Open Call: Family Party

Max Czollek

i turn to those
who buy toothbrushes
secondhand to scrub the sidewalk
only to find the work
has already been done

who trust in umbrellas
even in clement weather
and end up soaked in sweat

who fake a shot to the stomach
to fail the army physical
but are so convincing
they bleed to death

who’d be glad
were their face seized by a stranger
who didn’t first ask permission


i turn to those
who left as fathers
and returned as sons

who stood in Lidl and reckoned it time
to pull the pin from their pomegranades

who kicked in the door
at dawn
and only apologized after

who, under absolutely no circumstances
will be captured alive, their blood cells
clad in bulletproof vests



i turn to the final moments
aboard the wilhelm gustloff, to the burning homeland

i turn to those
who don’t notice the fuse
running from words in the past

those adrift in the baltic, blessed in the meltwater
of icebergs, clinging to a chair leg

those who search for adder stones after storm tide
and amber, who, well-versed in earth science
always find kelp, and never hair


i turn to those
who bid on an eel at market
to chuck back into the elbe
to whom nothing else occurs
on the subject of freedom

who own porch swings
and enough staircases
to climb for a lifetime

those who reach for the sky in surrender
and contend
they’re trying to touch the stars

those who believe the north sea is a sound
who press a bottle
to their eye
who double their bets
and fold without showing their cards


i turn to those
who see, not trucks at the traffic light
but germans in eastern europe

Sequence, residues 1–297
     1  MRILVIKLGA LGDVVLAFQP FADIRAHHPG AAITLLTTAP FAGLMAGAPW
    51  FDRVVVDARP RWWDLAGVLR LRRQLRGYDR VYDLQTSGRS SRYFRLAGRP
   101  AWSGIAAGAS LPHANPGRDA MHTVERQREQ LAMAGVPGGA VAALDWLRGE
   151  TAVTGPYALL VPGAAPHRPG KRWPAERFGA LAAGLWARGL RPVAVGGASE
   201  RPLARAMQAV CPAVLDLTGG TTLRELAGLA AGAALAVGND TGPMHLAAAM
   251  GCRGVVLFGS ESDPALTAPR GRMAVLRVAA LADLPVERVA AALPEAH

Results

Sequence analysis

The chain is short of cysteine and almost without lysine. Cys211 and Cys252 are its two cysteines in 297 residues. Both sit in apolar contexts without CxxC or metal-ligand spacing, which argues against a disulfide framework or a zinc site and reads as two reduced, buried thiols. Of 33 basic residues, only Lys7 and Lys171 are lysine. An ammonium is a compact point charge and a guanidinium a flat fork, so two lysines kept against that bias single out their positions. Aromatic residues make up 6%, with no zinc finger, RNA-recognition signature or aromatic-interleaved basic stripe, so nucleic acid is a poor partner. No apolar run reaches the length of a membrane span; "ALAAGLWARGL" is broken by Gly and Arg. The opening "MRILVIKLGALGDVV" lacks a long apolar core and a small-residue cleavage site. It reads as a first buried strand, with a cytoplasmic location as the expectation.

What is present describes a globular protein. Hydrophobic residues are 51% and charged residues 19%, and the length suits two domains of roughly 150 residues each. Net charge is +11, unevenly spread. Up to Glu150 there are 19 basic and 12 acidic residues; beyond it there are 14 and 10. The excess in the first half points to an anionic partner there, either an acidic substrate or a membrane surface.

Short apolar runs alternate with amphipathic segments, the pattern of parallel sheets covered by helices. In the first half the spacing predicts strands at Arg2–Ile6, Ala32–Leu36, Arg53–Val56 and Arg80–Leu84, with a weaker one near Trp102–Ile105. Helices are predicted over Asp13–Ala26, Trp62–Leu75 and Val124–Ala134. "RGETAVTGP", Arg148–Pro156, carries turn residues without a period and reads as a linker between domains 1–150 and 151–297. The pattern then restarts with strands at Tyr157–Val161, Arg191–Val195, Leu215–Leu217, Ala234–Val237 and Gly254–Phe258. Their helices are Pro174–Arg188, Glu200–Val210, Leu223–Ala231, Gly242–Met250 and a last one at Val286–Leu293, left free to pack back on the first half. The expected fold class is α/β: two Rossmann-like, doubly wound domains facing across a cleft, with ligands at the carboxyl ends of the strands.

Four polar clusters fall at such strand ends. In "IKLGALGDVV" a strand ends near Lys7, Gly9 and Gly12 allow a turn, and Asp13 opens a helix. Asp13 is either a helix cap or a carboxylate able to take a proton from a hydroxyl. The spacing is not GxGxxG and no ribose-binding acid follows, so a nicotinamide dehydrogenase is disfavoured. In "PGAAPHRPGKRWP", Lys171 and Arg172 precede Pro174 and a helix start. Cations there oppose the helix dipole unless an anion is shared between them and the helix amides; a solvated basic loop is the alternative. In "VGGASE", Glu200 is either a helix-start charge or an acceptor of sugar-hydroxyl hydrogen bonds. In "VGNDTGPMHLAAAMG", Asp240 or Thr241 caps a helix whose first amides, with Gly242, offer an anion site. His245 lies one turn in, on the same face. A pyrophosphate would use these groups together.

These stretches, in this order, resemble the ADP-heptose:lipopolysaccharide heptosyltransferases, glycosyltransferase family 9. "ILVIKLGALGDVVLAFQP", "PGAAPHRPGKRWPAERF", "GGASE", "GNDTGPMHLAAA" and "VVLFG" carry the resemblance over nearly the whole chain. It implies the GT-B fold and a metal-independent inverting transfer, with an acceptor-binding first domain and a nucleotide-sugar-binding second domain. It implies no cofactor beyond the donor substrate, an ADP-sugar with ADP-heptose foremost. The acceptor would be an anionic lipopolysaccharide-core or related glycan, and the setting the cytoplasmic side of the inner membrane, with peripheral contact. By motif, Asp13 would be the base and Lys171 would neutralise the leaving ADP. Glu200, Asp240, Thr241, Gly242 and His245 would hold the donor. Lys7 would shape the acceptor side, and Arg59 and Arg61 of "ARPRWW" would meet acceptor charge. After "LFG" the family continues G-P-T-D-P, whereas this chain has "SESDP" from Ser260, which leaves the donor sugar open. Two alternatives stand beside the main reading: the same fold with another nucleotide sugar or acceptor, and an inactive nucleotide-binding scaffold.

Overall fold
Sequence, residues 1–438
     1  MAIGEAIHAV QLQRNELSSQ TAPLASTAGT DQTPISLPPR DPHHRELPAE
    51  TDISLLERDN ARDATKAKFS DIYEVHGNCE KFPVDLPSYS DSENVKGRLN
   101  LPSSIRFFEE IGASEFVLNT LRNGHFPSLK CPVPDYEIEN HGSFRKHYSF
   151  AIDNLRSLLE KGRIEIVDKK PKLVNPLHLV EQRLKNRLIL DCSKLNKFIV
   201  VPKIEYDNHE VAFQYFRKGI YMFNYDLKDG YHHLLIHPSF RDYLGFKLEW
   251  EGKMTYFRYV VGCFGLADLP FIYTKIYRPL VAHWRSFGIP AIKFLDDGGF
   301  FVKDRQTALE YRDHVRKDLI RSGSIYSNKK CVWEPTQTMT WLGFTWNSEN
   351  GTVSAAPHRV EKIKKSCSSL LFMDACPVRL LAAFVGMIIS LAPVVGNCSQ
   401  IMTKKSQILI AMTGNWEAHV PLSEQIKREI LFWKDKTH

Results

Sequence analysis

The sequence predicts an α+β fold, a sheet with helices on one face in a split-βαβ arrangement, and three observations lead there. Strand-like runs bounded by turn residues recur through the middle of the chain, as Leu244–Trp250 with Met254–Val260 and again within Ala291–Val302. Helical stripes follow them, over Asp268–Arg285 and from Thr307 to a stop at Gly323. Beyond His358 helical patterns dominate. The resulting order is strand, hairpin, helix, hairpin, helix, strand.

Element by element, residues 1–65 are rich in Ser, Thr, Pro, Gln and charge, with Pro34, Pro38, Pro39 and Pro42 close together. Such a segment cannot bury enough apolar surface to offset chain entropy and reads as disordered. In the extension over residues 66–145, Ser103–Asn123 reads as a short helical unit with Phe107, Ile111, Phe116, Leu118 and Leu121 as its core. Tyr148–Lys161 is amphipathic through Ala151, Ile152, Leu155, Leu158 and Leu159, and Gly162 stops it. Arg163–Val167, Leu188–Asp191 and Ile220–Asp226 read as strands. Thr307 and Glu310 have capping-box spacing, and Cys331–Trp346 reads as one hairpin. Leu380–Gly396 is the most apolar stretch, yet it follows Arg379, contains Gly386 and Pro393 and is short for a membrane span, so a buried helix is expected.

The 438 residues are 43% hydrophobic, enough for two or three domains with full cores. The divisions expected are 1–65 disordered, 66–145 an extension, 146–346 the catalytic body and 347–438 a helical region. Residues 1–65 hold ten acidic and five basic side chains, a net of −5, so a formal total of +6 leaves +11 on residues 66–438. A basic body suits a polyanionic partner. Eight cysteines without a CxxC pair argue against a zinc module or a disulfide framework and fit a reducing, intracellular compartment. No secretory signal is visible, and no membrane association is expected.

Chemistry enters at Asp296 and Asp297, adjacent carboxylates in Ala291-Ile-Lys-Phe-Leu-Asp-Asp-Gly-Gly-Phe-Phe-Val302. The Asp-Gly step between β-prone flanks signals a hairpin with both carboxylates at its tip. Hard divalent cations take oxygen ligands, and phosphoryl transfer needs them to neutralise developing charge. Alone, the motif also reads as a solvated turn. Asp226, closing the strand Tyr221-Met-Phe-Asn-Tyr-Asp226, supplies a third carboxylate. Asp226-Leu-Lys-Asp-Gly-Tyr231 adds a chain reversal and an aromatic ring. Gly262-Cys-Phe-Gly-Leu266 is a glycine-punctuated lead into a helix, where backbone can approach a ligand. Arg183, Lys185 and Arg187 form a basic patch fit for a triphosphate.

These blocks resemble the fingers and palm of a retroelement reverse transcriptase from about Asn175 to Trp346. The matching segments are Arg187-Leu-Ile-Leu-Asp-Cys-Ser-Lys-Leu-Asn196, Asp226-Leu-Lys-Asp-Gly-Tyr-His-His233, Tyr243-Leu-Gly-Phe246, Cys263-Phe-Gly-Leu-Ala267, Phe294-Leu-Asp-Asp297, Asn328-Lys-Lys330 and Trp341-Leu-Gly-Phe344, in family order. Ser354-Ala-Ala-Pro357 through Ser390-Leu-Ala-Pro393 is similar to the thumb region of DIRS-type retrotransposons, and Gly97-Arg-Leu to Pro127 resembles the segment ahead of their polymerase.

who don’t see planes in the sky
without new york, damascus, kabul, caracas
seoul, ramallah, belgrad, tel aviv, heiligendamm

i turn to those
who march in the pleasant chill
of the shadows of giants

to those wearing borrowed suits
in metros, showrooms, empty glasses
in canopy beds, in fond memories
in my prayers


i turn to the migratory birds
in which i want to believe
with all my heart

to the dancers
i try to pose in the twilight,
with their legs of carbon

i turn to the veins
in the delta of my temple, whose paths i seek
in the limelight of the public toilet
at the memorial site

before i notice i’ve already
forgotten everything i learned there


i turn to those
who’ve always wanted to smoke lucky strikes
at the gas pump

who let their beards grow
to hide their teeth
and no longer fear the dentist

who invent a secret weapon
and forget the blueprint under a bench
on their way to the rendezvous point

i turn to those
who strap a vest to their chest
and carry a suitcase to heavily-trafficked places
train stations, große freiheit, the holocaust memorial



i turn to those
who don’t have nightmares
whose waking world is wretched enough

whose clenched fist
breaks its own fingers, who roll
off the roof in sleep

i turn to those
caught in gust of catkins
for whom it already snows in spring

who annex campuses
because they can’t go any farther
who wade in my shit
whom i have forgotten


i turn to those
whose egress is planned today
who know where to leave their books

who know the old songs
but don’t want to admit
they didn’t like them before

who dip celery
in saltwater, happy even though
they know there’s no ground for it

who sacrifice their expectations to the gods
who only understand poetry and nothing else

i finally turn to those
who believe vacant mirrors hold vigil
for their forlorn faces  

who, upon burying the tear-streaked eyes
of their parents, were rendered incurable
as the evening sky

who are like the swallows
that sleep in flight

and fall from the sky
without making a fuss

translated from the German by Meg Matich